World Library  
Flag as Inappropriate
Email this Article

Shine (1910 song)

Article Id: WHEBN0004451773
Reproduction Date:

Title: Shine (1910 song)  
Author: World Heritage Encyclopedia
Language: English
Subject: Louis Armstrong, Uncle Satchmo's Lullaby, On My Way (Louis Armstrong song), Mills Brothers
Publisher: World Heritage Encyclopedia

Shine (1910 song)

Shine (originally titled That's Why They Call Me Shine) is a popular song with lyrics by Cecil Mack and Tin Pan Alley songwriter Lew Brown and music by Ford Dabney. It was published in 1910 by Gotham-Attucks and used by Ada Walker in His Honor the Barber, an African-American road show.

It was later recorded by race riot of 1900.[1]

John William Sublett (aka John W. Bubbles) animates "Shine" brilliantly in a song-and-dance number in the 1943 movie, Cabin in the Sky.

Albert Nicholas, clarinet, with The Big Chief Jazz Band recorded it in Oslo on August 29, 1955. Released on the 78 rpm record Philips P 53037 H.

Ry Cooder recorded the song complete with introduction in 1978.

Anne Murray included this song on her 1976 Capitol Records album, "Keeping In Touch."

Louis Armstrong version

The song was performed in a film short Rhapsody in Black and Blue by Armstrong. A 1931 recording by Armstrong with his Sebastian New Cotton Club Orchestra is a subset of the complete lyric of the 1910 version and the expanded later version, with added scat singing and long instrumental ending:

[Instrumental opening ~35 sec.]
Oh chocolate drop, that’s me
’Cause, my hair is curly
Just because my teeth are pearly
Just because I always wear a smile
Like to dress up in the latest style
’Cause I’m glad I’m livin’
Take troubles all with a smile
Just because my color's shady
Makes no difference, baby
That’s why they call me "Shine"
[repeat words with scat and straight jazz instrumental ~2 min.]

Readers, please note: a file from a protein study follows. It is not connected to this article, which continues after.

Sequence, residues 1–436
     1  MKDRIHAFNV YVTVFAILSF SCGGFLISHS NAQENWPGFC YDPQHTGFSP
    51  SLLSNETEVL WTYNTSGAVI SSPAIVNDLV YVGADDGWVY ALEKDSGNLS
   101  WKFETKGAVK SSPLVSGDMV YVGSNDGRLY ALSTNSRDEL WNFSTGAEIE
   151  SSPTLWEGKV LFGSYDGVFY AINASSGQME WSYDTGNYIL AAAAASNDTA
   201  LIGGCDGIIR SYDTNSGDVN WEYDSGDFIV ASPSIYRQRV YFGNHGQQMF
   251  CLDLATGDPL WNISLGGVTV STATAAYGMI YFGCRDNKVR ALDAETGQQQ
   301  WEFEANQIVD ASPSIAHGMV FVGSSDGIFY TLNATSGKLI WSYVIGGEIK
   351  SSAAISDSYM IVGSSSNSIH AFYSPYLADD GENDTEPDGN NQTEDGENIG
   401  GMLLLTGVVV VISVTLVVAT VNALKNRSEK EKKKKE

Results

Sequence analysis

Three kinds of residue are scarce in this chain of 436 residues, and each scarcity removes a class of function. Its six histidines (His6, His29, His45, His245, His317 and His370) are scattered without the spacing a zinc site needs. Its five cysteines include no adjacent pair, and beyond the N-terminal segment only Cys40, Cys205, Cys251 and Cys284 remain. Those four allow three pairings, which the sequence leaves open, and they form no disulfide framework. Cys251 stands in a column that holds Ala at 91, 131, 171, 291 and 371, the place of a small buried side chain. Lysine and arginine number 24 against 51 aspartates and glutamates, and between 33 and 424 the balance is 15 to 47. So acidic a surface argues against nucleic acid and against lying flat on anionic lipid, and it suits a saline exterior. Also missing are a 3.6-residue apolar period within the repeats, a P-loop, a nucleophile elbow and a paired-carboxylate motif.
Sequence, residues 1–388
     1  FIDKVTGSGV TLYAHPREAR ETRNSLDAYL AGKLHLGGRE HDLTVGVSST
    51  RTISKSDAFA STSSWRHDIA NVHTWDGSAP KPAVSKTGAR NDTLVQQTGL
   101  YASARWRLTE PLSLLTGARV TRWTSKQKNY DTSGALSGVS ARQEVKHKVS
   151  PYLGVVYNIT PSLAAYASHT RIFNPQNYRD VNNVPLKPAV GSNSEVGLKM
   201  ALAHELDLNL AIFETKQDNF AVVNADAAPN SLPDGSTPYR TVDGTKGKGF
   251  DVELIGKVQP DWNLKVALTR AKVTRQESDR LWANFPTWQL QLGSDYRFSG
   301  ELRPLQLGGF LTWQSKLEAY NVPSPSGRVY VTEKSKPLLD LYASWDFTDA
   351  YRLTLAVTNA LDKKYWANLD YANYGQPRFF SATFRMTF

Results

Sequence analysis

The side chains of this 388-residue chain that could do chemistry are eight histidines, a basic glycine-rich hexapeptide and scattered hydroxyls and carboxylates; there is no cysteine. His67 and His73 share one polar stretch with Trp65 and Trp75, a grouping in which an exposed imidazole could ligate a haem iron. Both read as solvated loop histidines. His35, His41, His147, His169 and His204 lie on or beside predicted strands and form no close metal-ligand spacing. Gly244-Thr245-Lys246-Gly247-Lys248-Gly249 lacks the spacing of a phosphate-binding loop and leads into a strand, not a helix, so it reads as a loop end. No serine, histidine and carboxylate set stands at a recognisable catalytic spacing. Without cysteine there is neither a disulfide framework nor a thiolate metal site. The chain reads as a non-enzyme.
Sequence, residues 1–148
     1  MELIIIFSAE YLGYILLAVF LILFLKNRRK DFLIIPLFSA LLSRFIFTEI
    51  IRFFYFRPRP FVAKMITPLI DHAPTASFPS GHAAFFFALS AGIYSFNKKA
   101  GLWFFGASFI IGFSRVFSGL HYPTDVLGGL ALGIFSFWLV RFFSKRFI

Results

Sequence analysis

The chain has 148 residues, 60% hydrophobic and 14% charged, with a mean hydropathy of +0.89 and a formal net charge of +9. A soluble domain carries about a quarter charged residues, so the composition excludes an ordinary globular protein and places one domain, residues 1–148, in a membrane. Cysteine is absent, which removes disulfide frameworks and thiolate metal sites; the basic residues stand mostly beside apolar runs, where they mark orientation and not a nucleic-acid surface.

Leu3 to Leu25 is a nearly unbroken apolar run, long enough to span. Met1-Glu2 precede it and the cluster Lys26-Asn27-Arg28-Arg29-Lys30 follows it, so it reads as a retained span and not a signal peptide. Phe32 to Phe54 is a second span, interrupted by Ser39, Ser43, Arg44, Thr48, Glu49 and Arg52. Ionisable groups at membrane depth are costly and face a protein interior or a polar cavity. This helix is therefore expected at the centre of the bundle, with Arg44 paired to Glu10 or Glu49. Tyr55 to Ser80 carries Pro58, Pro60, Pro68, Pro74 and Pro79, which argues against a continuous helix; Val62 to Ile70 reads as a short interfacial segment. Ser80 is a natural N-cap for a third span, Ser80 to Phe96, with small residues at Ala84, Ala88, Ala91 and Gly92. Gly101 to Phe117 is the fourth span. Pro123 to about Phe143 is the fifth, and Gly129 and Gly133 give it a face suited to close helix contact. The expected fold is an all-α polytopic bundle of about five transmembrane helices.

SHINE (That's Why They Call Me Shine) (Cecil Mack, Lew Brown)

Ry Cooder version with original introduction

On his 1978 album Jazz, Ry Cooder performed the song in a "52nd Street" small band setting, with the introductory verse that explains what the song is all about. He noted that it had been written in 1910 near the end of the "Coon song era", and described it as a unique comment on the black face sensibilities of that genre.

When I was born they christened me plain Samuel Johnson Brown
But I hadn't grown so very big, 'fore some folks in this town
Had changed it 'round to "Sambo"; I was "Rastus" to a few
Then "Chocolate Drop" was added by some others that I knew
And then to cap the climax, I was strolling down the line
When someone shouted, "Fellas, hey! Come on and pipe the shine!"
But I don't care a bit. Here's how I figure it:
Well, just because my hair is curly
And just because my teeth are pearly
Just because I always wear a smile
Likes to dress up in the latest style*
Just because I'm glad I'm livin'
Takes trouble smilin', never whine
Just because my color's shady
Slightly different maybe
That's why they call me shine.
Wear my jeans like a man of means (he always dresses in the latest style).
This article was sourced from Creative Commons Attribution-ShareAlike License; additional terms may apply. World Heritage Encyclopedia content is assembled from numerous content providers, Open Access Publishing, and in compliance with The Fair Access to Science and Technology Research Act (FASTR), Wikimedia Foundation, Inc., Public Library of Science, The Encyclopedia of Life, Open Book Publishers (OBP), PubMed, U.S. National Library of Medicine, National Center for Biotechnology Information, U.S. National Library of Medicine, National Institutes of Health (NIH), U.S. Department of Health & Human Services, and, which sources content from all federal, state, local, tribal, and territorial government publication portals (.gov, .mil, .edu). Funding for and content contributors is made possible from the U.S. Congress, E-Government Act of 2002.
Crowd sourced content that is contributed to World Heritage Encyclopedia is peer reviewed and edited by our editorial staff to ensure quality scholarly research articles.
By using this site, you agree to the Terms of Use and Privacy Policy. World Heritage Encyclopedia™ is a registered trademark of the World Public Library Association, a non-profit organization.

Copyright © World Library Foundation. All rights reserved. eBooks from Project Gutenberg are sponsored by the World Library Foundation,
a 501c(4) Member's Support Non-Profit Organization, and is NOT affiliated with any governmental agency or department.